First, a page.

Cameron meets EU leaders as strain mounts in Europe
Britain's Prime Minister David Cameron held talks with EU leaders in Brussels Friday as Europe's unrelenting debt crisis drives a wedge between countries sharing the euro and those that do not.
Cameron, who this week lashed out at "out-of-touch" EU institutions, met for one hour with European Commission chief Jose Manuel Barroso and later held talks with EU president Herman Van Rompuy for less than 45 minutes.
The British premier was on a whirlwind trip to Brussels and later Berlin to meet with German Chancellor Angela Merkel amid growing friction over how to resolve the euro crisis.
A statement from Barroso's office said the breakfast talks touched on "the most recent economic and political developments" in the European Union, where efforts to fast-track economic union are gathering momentum by the day to contain the crisis.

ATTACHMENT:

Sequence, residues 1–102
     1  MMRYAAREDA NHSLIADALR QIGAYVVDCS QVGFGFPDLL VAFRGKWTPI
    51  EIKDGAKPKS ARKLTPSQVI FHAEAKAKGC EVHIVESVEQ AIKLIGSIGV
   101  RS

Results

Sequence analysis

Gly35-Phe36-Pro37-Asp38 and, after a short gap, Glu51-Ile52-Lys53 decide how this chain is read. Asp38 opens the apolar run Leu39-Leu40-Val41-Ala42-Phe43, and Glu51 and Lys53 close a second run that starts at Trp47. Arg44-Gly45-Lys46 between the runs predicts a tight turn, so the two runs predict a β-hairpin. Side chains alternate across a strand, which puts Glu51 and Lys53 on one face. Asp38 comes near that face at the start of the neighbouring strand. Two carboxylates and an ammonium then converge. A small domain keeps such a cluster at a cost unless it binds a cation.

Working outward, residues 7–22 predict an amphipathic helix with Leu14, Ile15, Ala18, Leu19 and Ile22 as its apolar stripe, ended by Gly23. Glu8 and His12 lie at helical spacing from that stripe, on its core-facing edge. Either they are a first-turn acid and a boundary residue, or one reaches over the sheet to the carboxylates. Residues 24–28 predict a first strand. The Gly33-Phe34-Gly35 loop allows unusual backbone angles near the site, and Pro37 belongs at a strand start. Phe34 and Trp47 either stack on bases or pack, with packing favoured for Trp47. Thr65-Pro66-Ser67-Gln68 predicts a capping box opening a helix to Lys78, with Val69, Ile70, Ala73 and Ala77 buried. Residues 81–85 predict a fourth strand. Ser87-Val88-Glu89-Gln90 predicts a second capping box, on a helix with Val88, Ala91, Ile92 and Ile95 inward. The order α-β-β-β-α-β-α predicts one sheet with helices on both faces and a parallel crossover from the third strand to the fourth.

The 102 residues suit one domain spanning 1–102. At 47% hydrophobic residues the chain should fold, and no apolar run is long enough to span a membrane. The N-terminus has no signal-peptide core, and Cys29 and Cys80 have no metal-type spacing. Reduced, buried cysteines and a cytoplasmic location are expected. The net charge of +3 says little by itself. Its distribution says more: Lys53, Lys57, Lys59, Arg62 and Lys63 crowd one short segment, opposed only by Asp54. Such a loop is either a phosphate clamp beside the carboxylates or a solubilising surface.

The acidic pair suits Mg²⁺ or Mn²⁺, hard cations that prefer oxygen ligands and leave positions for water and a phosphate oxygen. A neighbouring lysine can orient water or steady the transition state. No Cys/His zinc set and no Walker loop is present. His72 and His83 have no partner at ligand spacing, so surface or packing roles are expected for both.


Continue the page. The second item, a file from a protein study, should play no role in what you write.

It added that the two "exchanged views" ahead of an EU summit set for December 9 that may propose fundamental changes in the way the bloc is managed, specifically by stepping up the role of Brussels in enforcing economic discipline among the 17 nations that share the euro.
The proposals could trigger the need for a limited change in the EU's rule-book, the Lisbon treaty, and a commission official confirmed that treaty change was on the menu at the breakfast talks.
Barroso and Cameron agreed on the need for decisive action "to ensure the stability of the euro area as well as fast-tracking measures to stimulate growth and jobs," the statement said.
"They both underlined the central importance of further developing the single market," it added.
Britain, which does not use the euro, is concerned that plans to deepen integration of the 17-nation eurozone will leave the EU's 10 other nations out of the 27-nation bloc's decision-making process.
London is particularly concerned about being shut out of decisions affecting the single market.
Cameron made no statements during his Brussels visit.
© 2011 AFP